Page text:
Sunday, May 11, 2008

The Growing Pains of Emerging Collaborative Pianists

A recent post by Tao Squared strikes to the heart of why pianists decided to become collaborators and the difficulties they often face at the early stages of learning their craft:

People still don't treat accompanists like real people. Maybe it's better in the professional world, but most student singers don't understand diddly squat about what we go through. In fact, it's worsened by the fact that most student pianists treat accompanying as something they do on the side. They'll pick up a piece, ask the tempo, and plunk out the notes, to give the singer a framework in which to perform. That's it. They are not invested in the piece at all - just providing the backdrop. I don't blame them - I used to be like that too. But we just need to suck up our egos and admit that accompanying is hard. One needs to spend MORE time practicing and preparing an accompaniment than working on a solo piece of comparable difficulty. There are more questions to be answered, because someone else is DOING something at the same time, and you have to sound good TOGETHER. No one seems to acknowledge this fact!

On the other hand, there still many people who consider collaborative pianists to be a bunch of opinionated divas trying to rise above their station. Consider this quote (author not named) from the People for the Ethical Treatment of Accompanists group on Facebook:

Look, all I'm saying is that as a singer I am frustrated by having to deal with hostility from pianists (regardless of their abilities). I am VERY considerate and always provide music well in advance, when possible, and it would just be nice to work with someone who can be pleasant and is not constantly trying to assert their importance by being a pain! (You may be thinking, well, you're just not working with the right person. That may be true, but don't kid yourself into thinking this is not a very common thing among CPs.) Guess what, the way for a CP to make a big career is to hitch a ride on someone else's rising star. I'm sorry, but it's the truth. Look at all the famous and successful CPs, they are all where they are because they were associated with a great singer, violinist, cellist, etc. Those singers, violinist and cellists were surely much better off for having that talented pianist with them, but remember your ambition when you decide to be a piano "diva".

How does a young collaborative pianist rise above these questions about status, fairness, ego, and their role in the musical fabric? There's a whole generation of young cp's still trying to figure out where they fit. My advice on how to rise above the fray: act with dignity and professionalism and put the music first.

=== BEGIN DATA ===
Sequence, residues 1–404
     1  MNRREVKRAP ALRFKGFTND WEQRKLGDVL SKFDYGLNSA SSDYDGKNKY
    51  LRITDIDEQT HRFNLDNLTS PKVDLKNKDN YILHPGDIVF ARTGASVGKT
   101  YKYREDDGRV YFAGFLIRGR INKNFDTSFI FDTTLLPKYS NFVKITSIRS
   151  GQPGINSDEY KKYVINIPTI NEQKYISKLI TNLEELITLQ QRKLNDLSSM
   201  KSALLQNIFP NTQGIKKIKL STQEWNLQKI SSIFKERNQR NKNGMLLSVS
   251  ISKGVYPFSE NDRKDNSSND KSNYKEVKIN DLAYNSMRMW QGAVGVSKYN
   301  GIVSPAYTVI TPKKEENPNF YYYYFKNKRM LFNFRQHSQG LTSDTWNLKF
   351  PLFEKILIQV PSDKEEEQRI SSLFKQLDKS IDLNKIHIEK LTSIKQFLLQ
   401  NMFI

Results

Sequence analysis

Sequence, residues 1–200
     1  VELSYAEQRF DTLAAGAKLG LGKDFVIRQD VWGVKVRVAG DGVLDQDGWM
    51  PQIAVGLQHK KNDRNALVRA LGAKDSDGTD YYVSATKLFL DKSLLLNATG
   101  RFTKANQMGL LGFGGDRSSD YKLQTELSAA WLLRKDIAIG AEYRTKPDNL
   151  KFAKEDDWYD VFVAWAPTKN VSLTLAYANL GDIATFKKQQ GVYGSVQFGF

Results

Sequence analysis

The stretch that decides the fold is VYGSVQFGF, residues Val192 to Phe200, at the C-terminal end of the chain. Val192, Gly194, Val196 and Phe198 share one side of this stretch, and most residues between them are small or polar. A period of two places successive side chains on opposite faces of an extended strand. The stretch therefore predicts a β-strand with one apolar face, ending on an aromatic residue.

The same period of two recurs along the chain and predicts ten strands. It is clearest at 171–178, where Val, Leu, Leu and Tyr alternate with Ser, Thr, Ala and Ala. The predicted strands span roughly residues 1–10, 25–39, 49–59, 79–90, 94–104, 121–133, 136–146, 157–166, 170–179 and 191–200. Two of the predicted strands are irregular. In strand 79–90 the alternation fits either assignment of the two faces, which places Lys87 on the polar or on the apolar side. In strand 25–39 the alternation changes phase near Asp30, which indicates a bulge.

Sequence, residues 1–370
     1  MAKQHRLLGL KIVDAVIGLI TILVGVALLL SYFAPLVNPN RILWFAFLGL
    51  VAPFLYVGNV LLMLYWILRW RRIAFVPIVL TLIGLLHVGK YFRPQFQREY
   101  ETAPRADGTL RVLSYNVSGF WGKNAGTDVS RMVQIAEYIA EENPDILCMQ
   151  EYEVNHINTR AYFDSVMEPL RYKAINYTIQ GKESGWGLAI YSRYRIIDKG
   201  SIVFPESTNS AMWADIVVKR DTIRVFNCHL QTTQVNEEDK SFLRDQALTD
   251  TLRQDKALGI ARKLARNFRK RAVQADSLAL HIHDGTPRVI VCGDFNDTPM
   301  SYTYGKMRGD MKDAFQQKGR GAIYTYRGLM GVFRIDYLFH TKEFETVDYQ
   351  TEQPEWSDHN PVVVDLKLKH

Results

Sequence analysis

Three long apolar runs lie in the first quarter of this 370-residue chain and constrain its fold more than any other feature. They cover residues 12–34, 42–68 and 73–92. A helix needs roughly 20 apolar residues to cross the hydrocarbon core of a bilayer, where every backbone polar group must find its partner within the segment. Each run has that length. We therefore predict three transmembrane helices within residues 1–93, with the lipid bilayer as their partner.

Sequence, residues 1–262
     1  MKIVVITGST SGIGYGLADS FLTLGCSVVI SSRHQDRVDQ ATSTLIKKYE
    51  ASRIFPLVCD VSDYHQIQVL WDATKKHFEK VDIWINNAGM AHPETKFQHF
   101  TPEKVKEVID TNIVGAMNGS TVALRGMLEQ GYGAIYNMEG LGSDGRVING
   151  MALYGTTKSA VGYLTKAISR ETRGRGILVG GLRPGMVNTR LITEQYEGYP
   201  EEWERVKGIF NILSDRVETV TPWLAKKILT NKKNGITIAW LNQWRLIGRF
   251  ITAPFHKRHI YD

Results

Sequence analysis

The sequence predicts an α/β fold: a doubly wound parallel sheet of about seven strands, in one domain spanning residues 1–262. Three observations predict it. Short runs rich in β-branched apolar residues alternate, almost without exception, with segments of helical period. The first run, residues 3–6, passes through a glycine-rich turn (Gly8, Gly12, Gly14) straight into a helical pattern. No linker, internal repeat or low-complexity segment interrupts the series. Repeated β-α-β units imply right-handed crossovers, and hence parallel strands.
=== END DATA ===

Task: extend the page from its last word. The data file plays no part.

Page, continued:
Your comments are welcome, as always.


  1. Great post, Chris! A collaborative relationship can open up all kinds of questions about relative status, ego, and etiquette. Two "etiquette" questions I often see go unanswered (especially for students) have to do with bowing and the wording of the CP's role on the program - any thoughts on this?

    BTW I like the new "look" of your blog - nicely done!

  2. What a can of worms, Kate. Do you mind if I answer both questions in two separate articles?

  3. Sure - that would be great! I wrote something about this on my blog tonight (Ivory Tower) to continue the conversation. Cheers!

  4. Wow, I didn't even realize I'd been quoted here until someone left a comment on my blog. I don't know how you found my original post amidst the myriad of blogs, but thank you for the advice!

    It's kind of funny how the "fray" can sometimes mask what's more important - the music!

  5. Anonymous4:29 PM

    I love this post! It presents a foot in the grey areas of the careers of the collaborative pianists in their early stages. I think the lines of right and wrong are crossed by both the soloist and the collaborative pianist, at the same time. It is true, sometimes, that instrumentalists/ vocalists don't give their counterparts enough time with the music, thus creating a disconnect when time comes to put together. Oftentimes, certain things that are worked upon during rehearsals go out the window onstage (which, I find, happens with young performers quite often). I find these to be the significant moments where collaborative pianists find their reputation (and mental health) at risk, and feel that they are left to take the blame.
    On the contrary, there are many young collaborative pianists who are at fault - ones who don't know how to coach, and feel that they are there just to "play the piano part" (which is counterproductive, as this deters from the musical learning experience, as well as doesn't give a proper frame of reference, other than the notes for the other musician), and also those who don't speak up for themselves when they aren't given enough time (rehearsal or prep) to invest upon the music.

    The success of collaborative pianists are not warranted by whose career they hitchhike upon (in which here, I will say, I strongly disagree with the author of the last quote from PEToA). I think they produce an equally brilliant career by presenting themselves as artists who work together, sharing the limelight with other musicians (be it an instrumentalist, vocalist, or even artists or dancers), and producing an illustrious musical presentation.
    It's ultimately a two-way street - no matter if it's success or failure. As we all fall back onto the true reason for being there in the first place - that is, the music making. The outcome will be the creation of a memorable collaboration, and a reputation built upon three important factors - as Dr. Foley reminds us - dignity, professionalism, and, most of all, the music.